A brief history of Taddle Creek, Toronto's lost treasure
Like Garrison Creek, the lost river we explored last week, Taddle Creek once took pride of place in the neighbourhoods it passed through on its gentle route south through the heart of the city to its outlet in Lake Ontario near Berkeley and Mill Street. Now relegated to a subterranean sewer for its entire length, Taddle has left behind several significant marks on the surface still that are still visible today if you know where to look.
Taddle Creek is the most common name for the river, but it was also known as Little Don River, Goodwin Creek, University Creek, Wolz Creek and Brewery Creek (there were several streams called "Brewery") for Enoch Turner's brewery once located near the mouth of the river. Turner also lent his name to the historic schoolhouse on the west side of Trinity Street between King and Eastern Avenue and contributed money to the fund that established the University of Toronto.
Thanks to the work of Lost Rivers, a fantastic Toronto river resource from which the bulk of this information is sourced, we know the creek rose from a small creek-fed pond, which still remains, at Wychwood Park northwest of Davenport and Bathurst. Taddle Creek then flowed southeast and crossed Bathurst roughly at the CPR tracks, to use today's landmarks, and continued in an almost straight southeasterly direction to just north of Bloor between Bedford and Avenue Road.
Much of the river course through this section has been lost; there are no winding streets, sudden dips or mysterious geographical anomalies to betray the old route, but in 1928, when the lead image was taken, the water dominated the southeast corner of Lowther and Huron Street, possibly due to sewer repairs. Taddle Creek Park, at Lowther and Bedford, is on a patch of land where the creek used to flow. It also features a sculpture that uses roughly 6 kilometres of metal, the approximate length of the old river.
From Bloor, Taddle curved directly south and headed through the University of Toronto campus. Philosopher's Walk, the tree-lined path that starts between the Royal Conservatory of Music and the ROM, precisely follows the path of Taddle Creek south to Hoskin Avenue, where the river continued south and formed a McCaul's pond, named for John McCaul the first president of University of Toronto, the body of water shown in the image above.
The pond was formed by a small dam in the creek just above where Wellesley Street West peters out south of Hart House Circle; the water would have sat almost exactly on the site of the grass in the middle of the circle. The irregular shape on the west side of Queen's Park Crescent is probably the best evidence on today's street grid of Taddle Creek's existence.
Meandering south, Taddle crossed College Street just east of McCaul and curved east behind Sleepy Hollow, a house owned by John Beverley Robinson, a former mayor of Toronto and Lieutenant Governor of Ontario, located where Murray Street meets College. The river passed beneath University Avenue just north of Elm Street and headed southeast behind the back of the city council buildings and met Yonge between Queen and Shuter, under where the Eaton Centre now stands.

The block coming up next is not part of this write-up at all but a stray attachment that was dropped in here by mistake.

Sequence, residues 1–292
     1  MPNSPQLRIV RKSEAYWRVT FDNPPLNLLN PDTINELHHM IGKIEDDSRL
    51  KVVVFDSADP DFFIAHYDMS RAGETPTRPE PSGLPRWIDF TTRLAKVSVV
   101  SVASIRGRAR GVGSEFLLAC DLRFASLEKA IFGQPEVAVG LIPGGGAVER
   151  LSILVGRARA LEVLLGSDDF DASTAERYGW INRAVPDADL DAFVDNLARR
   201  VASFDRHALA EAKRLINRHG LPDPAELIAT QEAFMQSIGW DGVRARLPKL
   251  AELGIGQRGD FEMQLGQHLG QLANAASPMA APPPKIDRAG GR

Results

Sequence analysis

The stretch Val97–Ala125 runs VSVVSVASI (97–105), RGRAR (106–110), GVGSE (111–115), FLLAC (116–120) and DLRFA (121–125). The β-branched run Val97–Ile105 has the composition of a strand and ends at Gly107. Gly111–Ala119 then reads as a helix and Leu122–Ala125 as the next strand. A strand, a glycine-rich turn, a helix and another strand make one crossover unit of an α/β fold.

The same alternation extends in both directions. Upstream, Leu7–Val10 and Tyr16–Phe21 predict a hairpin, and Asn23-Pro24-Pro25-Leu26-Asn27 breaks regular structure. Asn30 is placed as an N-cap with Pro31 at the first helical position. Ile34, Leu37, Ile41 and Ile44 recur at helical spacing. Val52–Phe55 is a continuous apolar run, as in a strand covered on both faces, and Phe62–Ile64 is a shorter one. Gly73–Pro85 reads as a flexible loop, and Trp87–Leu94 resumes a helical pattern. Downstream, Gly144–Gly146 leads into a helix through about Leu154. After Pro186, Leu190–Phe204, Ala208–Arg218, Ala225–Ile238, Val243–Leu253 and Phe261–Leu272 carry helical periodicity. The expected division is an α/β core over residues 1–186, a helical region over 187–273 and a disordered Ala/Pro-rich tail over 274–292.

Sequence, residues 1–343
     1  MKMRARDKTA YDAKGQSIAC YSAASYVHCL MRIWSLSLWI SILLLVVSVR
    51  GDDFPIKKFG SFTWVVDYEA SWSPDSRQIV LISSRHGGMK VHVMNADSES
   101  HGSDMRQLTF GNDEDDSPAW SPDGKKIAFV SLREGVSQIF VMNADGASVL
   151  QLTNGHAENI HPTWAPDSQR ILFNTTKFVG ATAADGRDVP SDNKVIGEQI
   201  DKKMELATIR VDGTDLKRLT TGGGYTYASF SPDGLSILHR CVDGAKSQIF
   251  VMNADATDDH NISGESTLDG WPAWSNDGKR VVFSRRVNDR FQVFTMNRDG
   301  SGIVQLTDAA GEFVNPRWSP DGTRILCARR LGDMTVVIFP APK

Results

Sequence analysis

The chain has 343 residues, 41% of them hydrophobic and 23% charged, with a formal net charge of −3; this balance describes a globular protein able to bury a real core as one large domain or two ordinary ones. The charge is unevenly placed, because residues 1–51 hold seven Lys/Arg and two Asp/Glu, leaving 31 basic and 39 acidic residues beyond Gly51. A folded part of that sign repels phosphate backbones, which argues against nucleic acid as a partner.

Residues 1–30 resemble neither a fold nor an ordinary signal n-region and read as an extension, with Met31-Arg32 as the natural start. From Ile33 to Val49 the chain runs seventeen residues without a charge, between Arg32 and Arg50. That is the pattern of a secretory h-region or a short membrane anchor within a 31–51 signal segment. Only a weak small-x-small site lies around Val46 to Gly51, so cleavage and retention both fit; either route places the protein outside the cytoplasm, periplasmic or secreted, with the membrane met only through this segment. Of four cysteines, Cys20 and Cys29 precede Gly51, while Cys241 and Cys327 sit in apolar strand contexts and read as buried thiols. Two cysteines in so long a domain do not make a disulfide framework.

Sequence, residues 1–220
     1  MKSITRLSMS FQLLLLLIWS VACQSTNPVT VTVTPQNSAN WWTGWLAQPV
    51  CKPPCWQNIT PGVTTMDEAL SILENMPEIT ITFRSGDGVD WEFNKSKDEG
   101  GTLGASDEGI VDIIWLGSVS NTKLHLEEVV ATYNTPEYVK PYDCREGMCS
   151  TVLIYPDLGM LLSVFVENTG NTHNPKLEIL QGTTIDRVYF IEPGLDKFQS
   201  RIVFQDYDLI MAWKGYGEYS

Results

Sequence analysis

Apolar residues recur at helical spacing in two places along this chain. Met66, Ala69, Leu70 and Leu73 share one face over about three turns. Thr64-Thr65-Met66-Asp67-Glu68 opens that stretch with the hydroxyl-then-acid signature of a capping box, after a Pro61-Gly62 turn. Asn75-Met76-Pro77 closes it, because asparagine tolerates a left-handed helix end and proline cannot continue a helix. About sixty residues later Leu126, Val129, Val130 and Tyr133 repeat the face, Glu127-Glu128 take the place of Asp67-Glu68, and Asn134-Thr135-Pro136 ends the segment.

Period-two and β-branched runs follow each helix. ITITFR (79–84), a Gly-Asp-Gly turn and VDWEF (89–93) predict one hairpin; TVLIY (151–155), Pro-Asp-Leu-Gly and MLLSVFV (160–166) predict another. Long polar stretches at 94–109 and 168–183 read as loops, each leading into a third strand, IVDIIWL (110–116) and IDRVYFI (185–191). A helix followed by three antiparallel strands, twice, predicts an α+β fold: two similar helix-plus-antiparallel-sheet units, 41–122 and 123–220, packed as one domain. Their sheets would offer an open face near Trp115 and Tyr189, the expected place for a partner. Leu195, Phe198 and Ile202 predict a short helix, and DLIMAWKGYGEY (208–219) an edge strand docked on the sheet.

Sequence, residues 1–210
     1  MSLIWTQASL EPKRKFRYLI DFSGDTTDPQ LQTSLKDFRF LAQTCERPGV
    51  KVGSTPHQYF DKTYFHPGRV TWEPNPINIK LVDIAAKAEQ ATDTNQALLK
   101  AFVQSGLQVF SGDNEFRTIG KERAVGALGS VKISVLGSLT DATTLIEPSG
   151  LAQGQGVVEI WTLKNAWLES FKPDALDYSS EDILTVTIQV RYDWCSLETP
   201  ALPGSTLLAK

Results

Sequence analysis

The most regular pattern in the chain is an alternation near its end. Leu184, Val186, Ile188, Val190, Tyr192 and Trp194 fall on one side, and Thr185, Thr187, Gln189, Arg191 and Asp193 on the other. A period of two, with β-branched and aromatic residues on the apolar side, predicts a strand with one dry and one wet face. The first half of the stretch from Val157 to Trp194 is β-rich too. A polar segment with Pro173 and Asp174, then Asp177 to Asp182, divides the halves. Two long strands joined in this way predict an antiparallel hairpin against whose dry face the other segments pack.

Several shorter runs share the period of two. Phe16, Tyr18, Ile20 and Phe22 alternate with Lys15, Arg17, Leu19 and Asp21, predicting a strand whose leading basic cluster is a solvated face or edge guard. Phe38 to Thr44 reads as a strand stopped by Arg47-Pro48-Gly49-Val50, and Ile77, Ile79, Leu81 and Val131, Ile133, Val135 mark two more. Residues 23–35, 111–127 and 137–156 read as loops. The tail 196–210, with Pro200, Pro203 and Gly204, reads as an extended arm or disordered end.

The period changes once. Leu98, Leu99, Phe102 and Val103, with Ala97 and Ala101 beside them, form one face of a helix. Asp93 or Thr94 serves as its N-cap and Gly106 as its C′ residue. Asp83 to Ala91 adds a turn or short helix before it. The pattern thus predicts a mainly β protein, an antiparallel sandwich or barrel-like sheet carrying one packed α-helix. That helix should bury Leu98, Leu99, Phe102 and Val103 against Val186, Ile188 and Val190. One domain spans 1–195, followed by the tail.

Continuing roughly eastward, Taddle Creek crossed over Queen at Mutual Street and met Moss Park Creek on the south side of the street opposite Moss Park. The only confirmed confluence on the route caused Taddle Creek to bend southeast once more through the one of the oldest parts of the city where it likely played a part in earning the old town the nickname of Muddy York.
In its final stage, Taddle Creek passed flowed southweast passing the southwest side of Berekeley and Adelaide, the site of Alumnae Theatre, and passed over Parliament at King where it met Enoch Turner's brewery. At Front Street the river curved back on itself and flowed southwest for the first distance before dropping into Lake Ontario at the soccer field between Berekeley and Parliament where the shoreline used to be located before infilling moved it further south.
Several cairns, including a bronze marker Adelaide and Parliament, line the old path of Taddle Creek keeping alive the ever-fading memory of the river. The evidence of its existence might be less obvious than that of Garrison Creek but Taddle and many other creeks and minor waterways like it have played an important role shaping today's city.
Section from Wadsworth and Unwin's Map of the City of Toronto, 1872, showing Taddle Creek and McCaul's Pond passing Queen's Park Circle and heading south to University.
Wychwood Creek in 1907, a stream that could have fed Taddle and even Garrison Creek.
A later view from a similar location as the lead image showing excavation near Taddle Creek.
Further reading: "The Forgotten Stream", Taddle Creek Magazine.
All images from the Toronto Archives except the McCaul's Pond picture which is from Wikipedia used under Wikimedia Commons and the cutting from Wadsworth and Unwin's Map of the City of Toronto, 1872.
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